Gustavus Hindman Miller Smith was born 20 September 1921, Son of George Blackwell Smith and Emily Jameson Miller. He attended The Choate School for three years, graduating in 1939. He was particularly interested in the sport of crew. After Choate, he went to MIT where he earned his BS degree in 1943. He was commissioned on November 6, 1943 and went overseas, assigned to a battalion of Combat Engineers, in the spring of 1944.
Information from Judy Donald,
Choate Rosemary Hall Archives
The Silver Star was posthumously awarded to Second Lieutenant G.H. Miller Smith for gallantry in action in the vicinity of ***, France, on 8 October 1944. Lieutenant Smith, a platoon leader, was assigned the mission of destroying, by demolitons, a bridge across the *** River in enemy territory. As the demolition was to be done at night, Lieutenant Smith made a dayligth reconnaissance, accompanied by an enlisted man, and worked his way to a point about five hundred yards southwest of the bridge. The enemy placed small arms fire upon his position but, instead of withdrawing, he crawled forward alone, neutralized several enemy positions with accurate rifle fire, and captured six Germans. As he withdrew with his prisoners, he was mortally wounded by fire from consealed enemy positions. Lieutenant Smith’s courage, coolness, and zealous devotion to duty reflect the highest credit upon his character as an officer and upon the military service.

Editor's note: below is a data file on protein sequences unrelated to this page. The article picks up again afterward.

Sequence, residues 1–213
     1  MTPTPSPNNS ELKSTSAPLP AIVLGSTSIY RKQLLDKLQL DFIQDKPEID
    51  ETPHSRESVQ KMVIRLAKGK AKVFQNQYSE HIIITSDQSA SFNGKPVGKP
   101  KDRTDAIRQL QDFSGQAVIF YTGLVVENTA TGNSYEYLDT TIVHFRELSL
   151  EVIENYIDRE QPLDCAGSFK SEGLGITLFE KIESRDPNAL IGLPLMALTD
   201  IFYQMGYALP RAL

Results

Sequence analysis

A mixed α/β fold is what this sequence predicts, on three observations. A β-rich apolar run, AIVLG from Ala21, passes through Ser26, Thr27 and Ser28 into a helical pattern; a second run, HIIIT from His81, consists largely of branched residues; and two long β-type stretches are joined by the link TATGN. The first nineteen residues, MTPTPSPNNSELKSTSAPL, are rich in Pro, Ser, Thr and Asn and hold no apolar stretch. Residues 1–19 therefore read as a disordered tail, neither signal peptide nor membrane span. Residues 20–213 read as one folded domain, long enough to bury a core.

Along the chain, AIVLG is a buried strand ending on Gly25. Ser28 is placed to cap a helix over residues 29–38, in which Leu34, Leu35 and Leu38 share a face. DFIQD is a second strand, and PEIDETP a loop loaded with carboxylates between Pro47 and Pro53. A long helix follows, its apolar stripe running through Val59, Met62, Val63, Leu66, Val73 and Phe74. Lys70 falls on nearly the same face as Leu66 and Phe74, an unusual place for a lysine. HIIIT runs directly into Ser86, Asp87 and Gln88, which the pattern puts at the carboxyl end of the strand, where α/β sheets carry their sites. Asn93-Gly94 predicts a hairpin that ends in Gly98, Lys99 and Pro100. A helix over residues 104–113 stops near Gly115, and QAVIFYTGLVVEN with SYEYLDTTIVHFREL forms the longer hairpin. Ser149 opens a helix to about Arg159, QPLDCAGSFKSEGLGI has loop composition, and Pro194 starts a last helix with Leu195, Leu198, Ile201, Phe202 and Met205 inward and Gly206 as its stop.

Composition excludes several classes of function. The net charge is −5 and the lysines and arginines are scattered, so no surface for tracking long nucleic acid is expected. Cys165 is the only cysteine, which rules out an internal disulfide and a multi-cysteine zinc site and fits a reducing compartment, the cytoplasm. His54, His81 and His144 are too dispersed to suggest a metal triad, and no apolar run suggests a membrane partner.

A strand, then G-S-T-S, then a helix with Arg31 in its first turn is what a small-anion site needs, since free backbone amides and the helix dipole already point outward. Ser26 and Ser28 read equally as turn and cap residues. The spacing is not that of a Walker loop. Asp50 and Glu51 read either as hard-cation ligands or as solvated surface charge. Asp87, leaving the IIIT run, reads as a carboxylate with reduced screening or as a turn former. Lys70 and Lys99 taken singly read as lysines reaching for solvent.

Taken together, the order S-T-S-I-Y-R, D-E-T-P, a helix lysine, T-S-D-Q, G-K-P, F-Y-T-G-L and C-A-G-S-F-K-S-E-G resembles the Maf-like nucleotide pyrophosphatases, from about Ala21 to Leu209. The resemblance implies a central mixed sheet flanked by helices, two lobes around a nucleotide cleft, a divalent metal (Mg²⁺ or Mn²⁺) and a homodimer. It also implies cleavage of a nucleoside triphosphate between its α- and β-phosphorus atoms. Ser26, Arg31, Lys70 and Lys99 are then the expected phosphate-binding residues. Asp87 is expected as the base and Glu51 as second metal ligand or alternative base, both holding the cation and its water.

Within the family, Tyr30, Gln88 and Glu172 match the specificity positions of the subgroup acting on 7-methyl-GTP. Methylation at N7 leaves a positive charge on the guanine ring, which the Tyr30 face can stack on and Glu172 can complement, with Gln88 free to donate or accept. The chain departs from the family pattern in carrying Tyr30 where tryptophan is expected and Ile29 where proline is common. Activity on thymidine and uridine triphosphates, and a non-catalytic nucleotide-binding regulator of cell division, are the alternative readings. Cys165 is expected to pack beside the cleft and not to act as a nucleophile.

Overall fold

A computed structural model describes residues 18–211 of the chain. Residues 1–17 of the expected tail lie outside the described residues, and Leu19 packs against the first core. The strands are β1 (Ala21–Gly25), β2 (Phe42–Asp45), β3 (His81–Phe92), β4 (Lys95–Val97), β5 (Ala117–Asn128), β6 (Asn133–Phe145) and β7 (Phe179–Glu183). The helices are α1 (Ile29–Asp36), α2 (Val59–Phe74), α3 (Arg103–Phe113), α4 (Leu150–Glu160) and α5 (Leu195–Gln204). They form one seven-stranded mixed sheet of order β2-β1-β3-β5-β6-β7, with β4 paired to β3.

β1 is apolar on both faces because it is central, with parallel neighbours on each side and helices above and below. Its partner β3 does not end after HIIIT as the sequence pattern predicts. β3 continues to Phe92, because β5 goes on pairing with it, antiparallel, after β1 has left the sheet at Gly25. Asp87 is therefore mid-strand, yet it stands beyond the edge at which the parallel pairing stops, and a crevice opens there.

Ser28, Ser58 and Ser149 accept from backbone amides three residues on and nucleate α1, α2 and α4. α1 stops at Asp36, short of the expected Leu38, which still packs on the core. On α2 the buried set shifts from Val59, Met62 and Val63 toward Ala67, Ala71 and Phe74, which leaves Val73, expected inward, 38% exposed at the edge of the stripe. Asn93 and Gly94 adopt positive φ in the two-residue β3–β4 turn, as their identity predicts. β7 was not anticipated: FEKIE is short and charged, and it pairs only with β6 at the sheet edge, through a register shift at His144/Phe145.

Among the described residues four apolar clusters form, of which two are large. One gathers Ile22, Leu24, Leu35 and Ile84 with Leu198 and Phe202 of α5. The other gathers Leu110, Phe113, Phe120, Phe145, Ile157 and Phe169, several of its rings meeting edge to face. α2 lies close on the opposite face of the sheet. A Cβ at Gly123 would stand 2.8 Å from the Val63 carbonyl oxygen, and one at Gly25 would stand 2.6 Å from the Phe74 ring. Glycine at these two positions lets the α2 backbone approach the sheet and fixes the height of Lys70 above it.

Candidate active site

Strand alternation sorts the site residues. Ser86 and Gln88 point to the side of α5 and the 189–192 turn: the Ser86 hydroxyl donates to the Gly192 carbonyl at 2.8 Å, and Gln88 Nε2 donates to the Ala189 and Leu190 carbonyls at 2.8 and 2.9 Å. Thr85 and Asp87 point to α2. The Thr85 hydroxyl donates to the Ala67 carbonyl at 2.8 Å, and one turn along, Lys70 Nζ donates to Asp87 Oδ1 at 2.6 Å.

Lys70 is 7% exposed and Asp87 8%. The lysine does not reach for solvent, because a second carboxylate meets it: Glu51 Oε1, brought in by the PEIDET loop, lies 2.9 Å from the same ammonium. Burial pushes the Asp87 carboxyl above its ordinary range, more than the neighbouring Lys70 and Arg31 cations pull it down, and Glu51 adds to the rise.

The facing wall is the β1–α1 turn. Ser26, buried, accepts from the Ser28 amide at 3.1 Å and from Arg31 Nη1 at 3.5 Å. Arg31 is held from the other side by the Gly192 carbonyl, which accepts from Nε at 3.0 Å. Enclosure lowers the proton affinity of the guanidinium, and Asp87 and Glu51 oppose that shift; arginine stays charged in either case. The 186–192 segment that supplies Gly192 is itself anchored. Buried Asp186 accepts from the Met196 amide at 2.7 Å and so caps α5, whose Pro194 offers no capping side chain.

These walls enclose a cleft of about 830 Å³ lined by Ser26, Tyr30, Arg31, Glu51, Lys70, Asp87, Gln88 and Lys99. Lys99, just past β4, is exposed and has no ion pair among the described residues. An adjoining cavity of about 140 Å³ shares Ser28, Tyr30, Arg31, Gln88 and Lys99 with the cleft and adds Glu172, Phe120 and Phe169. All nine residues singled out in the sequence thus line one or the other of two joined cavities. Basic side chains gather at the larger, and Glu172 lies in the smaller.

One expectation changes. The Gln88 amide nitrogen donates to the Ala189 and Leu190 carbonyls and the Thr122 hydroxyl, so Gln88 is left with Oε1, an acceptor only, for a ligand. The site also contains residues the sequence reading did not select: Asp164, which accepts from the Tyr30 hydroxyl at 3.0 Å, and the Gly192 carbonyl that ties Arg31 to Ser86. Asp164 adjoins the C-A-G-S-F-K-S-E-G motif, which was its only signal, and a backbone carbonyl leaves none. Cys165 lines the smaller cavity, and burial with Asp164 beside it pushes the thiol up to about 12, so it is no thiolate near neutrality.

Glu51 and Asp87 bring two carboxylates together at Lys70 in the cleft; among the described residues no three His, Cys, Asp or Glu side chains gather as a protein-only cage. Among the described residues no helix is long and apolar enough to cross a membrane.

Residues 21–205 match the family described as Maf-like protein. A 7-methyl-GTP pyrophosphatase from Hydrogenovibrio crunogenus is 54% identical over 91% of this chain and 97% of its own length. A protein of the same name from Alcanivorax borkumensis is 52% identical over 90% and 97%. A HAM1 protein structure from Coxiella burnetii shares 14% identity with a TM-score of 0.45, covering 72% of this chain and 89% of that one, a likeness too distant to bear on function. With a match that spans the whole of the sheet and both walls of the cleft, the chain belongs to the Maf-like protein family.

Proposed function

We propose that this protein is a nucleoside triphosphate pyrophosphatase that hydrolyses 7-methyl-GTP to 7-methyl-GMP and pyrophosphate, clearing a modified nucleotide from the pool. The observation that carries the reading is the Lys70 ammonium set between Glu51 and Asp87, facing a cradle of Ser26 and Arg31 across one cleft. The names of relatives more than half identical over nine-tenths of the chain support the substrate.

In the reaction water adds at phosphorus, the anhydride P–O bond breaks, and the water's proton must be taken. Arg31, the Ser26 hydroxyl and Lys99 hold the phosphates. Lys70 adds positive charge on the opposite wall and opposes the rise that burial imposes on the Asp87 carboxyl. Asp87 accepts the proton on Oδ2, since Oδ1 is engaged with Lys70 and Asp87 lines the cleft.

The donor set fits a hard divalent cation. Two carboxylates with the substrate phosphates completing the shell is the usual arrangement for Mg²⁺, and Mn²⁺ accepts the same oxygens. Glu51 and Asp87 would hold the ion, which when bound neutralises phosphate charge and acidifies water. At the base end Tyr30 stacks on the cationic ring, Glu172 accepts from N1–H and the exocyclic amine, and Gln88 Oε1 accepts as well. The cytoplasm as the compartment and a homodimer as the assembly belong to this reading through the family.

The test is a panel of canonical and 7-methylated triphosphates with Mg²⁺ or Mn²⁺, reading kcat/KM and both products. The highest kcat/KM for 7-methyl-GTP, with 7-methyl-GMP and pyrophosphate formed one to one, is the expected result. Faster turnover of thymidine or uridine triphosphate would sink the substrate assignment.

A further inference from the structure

He was initially buried at Andilly Cemetery at Lay St. Remy, France and reburied at Lorraine American Cemetery, France, E, 31, 27
G H Miller Smith was my dad’s first cousin, and the two cousins grew up together. To my father (an only child), the bond with Miller was especially close as they were just one year apart in age.
Miller’s mother (Emily Miller Smith) was the sister of my dad’s father (Felix Grundy Miller). Miller was named for Aunt Emily’s father: Gustavus Hindman Miller. For the family, losing Miller in WWII was one of the most devastating events of their lives. I know my dad never really got over the loss.
The attached picture is of my dad (Felix Grundy Miller, Jr.) and Miller. My dad is on the left and Miller is on the right. (My dad served in the Pacific for the Navy during World War II). I’m not sure when/where the picture was taken, but they both look young!
Miller grew up on Lookout Mountain. My dad and Miller attended Sewanee Miltary Academy together for a few years. Today there is still a scholarship at St. Andrew’s Sewanee School honoring Miller that was established by Miller’s parents in 1947:
I’ve attached a picture of his name in the Sewanee Military Academy memorial in All Saints Chapel to alumni lost in World War II.
From there, Miller attended the Choate School in Connecticut for his last three years of high school and then went to college at the Massachusetts Institute of Technology. We have a letter from an archivist at Choates who confirmed that Miller graduated from Choate in 1939. At MIT, in the Memorial Lobby in the area under the MIT’s Great Dome there are engraved lists for alumni who lost their lives in WWI, WWII, the Korean War and the Vietnam War. Miller’s name is included on the list for World War II.
Finally, in the National Archives in College Park Maryland are original documents detailing General Orders for issuing various awards. Members of the Coulthart family (no relation to us) have built a website dedicated to their family history. Part of that effort included cataloging much of the information at the National Archives related to the Army’s 134th Infantry Regiment.
In that website is a copy of the document and citation awarding the Silver Star to Miller. There are some indications that Miller may have also received the Purple Heart, but I have not been able to confirm that information.
Felicia Miller James